When you hear the fact that about 20% of students report bullying, and you take into consideration all those who get bullied but don’t report it, you can’t help but ask yourself what you can do as an educator to prevent that. Moreover, the students doing the bullying often tend to carry those negative patterns into their adulthood. Better than ignoring the situation, let’s look at some of the ways educators can prevent bullying in schools.
Teach your students about kindness and empathy
Social-emotional learning is extremely important from an early age. Doing activities that boost students’ empathy results in less violence, as they are more likely to look at the situation from different points of view and understand how a certain action may be harmful to the other person. Group exercises in which your students practice conflict resolution or simply talk about their differences and opposing opinions makes it easier for them to put themselves in other people’s shoes.
Create a connection between the students
Having a unified classroom will result in students being freer to speak up, protect each other from bullying and hold each other accountable. Fostering this sense of connection and community among the students has the potential to reduce any future bullying by more than 50%. That way, a classroom can be a safe place for all students, and not a place they hate or fear.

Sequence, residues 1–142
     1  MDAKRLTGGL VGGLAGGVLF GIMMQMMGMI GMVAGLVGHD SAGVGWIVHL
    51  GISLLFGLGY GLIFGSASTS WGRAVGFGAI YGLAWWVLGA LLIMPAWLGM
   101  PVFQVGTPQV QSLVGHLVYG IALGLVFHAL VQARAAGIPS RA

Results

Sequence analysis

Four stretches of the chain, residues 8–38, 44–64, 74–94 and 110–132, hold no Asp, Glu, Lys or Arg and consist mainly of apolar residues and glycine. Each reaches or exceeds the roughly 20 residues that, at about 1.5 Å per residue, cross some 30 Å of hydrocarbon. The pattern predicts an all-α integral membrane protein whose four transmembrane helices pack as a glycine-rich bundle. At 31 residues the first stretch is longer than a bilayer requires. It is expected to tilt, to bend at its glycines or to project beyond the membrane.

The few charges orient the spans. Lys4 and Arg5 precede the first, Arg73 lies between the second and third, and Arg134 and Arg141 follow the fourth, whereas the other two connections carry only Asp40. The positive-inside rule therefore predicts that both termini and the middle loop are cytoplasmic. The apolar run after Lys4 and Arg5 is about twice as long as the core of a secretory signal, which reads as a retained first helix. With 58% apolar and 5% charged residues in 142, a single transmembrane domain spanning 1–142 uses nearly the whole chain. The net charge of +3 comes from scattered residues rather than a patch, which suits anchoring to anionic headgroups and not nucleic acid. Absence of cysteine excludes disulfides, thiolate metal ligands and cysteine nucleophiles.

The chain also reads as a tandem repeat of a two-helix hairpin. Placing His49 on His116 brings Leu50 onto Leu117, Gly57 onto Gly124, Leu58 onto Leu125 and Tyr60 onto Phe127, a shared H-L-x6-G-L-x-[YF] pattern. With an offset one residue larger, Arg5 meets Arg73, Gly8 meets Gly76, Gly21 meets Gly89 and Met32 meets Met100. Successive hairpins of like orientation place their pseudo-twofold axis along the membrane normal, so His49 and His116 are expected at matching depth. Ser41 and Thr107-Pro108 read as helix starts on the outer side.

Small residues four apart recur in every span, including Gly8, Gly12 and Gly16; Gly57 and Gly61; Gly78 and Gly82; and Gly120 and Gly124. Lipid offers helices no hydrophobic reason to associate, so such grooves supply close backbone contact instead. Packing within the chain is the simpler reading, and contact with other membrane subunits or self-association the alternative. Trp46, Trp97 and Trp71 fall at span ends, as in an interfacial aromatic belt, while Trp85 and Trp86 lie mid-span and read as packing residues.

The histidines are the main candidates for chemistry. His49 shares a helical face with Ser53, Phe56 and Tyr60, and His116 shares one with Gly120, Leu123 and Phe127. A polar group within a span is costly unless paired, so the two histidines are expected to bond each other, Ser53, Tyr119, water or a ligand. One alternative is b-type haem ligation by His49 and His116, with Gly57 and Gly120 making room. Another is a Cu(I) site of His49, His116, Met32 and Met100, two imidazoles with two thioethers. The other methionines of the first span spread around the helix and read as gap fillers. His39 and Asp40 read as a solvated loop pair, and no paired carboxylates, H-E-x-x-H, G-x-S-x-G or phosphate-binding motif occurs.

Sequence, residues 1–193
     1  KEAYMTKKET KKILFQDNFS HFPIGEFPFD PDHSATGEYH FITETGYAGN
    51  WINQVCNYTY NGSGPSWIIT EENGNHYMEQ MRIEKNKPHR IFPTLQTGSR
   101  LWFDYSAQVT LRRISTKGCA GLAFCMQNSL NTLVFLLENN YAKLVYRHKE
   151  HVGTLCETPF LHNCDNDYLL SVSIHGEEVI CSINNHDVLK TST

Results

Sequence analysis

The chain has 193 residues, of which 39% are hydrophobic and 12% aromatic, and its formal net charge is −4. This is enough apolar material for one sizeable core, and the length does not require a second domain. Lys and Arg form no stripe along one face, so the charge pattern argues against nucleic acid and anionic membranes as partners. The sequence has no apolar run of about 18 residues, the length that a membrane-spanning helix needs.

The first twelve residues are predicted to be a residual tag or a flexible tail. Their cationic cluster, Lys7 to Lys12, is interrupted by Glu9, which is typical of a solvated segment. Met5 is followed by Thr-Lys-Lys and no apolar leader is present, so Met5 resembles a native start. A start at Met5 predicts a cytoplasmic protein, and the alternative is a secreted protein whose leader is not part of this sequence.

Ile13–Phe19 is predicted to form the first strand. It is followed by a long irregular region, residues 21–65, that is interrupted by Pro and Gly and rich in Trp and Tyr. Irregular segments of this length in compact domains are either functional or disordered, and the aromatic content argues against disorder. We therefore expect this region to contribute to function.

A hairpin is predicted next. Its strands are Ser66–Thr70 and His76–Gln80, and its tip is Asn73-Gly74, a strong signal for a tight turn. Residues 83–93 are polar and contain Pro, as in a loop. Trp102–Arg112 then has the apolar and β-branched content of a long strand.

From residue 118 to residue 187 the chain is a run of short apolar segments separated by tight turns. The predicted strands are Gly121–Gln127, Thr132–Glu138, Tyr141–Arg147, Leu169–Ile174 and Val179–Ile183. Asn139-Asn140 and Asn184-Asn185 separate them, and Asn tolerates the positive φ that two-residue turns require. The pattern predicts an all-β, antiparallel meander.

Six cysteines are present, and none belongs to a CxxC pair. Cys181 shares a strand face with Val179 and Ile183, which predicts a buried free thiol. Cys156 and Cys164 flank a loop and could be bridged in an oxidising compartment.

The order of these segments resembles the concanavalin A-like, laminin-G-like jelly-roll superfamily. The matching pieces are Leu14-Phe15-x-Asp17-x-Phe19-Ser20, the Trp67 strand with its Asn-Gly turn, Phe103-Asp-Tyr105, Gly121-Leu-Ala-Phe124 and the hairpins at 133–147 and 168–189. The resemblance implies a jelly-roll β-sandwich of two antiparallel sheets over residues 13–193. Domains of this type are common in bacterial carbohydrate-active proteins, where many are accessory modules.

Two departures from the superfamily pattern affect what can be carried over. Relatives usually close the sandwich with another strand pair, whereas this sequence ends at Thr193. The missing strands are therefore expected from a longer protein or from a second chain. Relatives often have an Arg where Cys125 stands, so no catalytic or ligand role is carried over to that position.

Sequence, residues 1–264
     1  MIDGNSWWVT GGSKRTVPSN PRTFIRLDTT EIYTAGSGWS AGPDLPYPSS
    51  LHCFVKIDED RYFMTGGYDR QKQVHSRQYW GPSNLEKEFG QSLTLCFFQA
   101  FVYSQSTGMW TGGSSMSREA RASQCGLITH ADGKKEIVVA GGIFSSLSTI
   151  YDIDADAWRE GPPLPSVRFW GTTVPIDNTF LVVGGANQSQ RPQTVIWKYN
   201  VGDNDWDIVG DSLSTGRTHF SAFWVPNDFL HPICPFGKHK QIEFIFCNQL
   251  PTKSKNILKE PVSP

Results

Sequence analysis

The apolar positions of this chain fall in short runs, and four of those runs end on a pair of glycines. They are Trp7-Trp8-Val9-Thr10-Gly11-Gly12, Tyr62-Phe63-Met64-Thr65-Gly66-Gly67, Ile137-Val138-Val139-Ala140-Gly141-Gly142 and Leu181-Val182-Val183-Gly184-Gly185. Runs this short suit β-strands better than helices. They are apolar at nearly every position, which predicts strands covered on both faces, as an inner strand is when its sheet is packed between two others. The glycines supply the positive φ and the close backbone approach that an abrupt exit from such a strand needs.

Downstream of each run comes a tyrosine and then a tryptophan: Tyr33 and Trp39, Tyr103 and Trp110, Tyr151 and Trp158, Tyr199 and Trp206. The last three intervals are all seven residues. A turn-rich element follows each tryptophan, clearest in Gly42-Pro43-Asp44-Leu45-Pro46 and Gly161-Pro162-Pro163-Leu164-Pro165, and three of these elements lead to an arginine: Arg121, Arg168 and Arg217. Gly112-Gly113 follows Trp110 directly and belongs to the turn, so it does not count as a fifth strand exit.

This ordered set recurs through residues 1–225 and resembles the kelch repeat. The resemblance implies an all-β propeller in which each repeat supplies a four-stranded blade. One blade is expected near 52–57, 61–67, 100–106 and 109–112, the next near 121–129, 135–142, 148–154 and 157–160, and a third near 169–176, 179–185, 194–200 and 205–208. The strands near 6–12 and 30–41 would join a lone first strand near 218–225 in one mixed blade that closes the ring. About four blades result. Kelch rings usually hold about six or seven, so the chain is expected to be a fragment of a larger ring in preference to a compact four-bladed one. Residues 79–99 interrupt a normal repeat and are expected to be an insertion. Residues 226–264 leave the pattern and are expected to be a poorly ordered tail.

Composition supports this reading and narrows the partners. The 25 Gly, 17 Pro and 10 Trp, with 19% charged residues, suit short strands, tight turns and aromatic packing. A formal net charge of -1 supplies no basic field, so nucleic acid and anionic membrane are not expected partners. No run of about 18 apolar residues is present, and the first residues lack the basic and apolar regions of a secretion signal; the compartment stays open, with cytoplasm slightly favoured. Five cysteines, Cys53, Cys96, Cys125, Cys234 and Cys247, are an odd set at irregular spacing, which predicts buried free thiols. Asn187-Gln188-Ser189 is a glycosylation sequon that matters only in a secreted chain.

Know the signals of bullying
If you can recognize any signals of bullying, you will have more opportunity to stop it before it comes to a conflict, or before it becomes an often-repeated action. Some of these ‘gateway behaviors’ include eye-rolling, back turning, laughing at or mocking someone, excluding certain students, and similar small actions. These behaviors don’t necessarily mean that someone is a bully; however, it is useful to know them and find the patterns within your classroom.
Art is often used in classrooms for different activities, but not everybody knows that it is a helpful tool in preventing bullying. All different sorts of art, especially something that students can relate to, help them understand how detrimental bullying is, which goes hand in hand with activities that boost empathy and kindness. You can use simple exercises such as class discussions about a particular book or a movie that features bullying and try to spark conversation between the students. Another great activity is a simulation of different situations, including bullying, where your students are supposed to act and then talk about their opinions and feelings.
Break the barriers between closed groups
Students tend to form groups, so you will usually see students who are bullies being one closed-off group, and the ones being bullied, another. This only supports the division of your students, so whenever you can, try to break up those groups and mix the students so that they will have to work with one another and not against. You can do this for many different activities, but try to think of an award for the best group so that the students actually feel motivated to cooperate.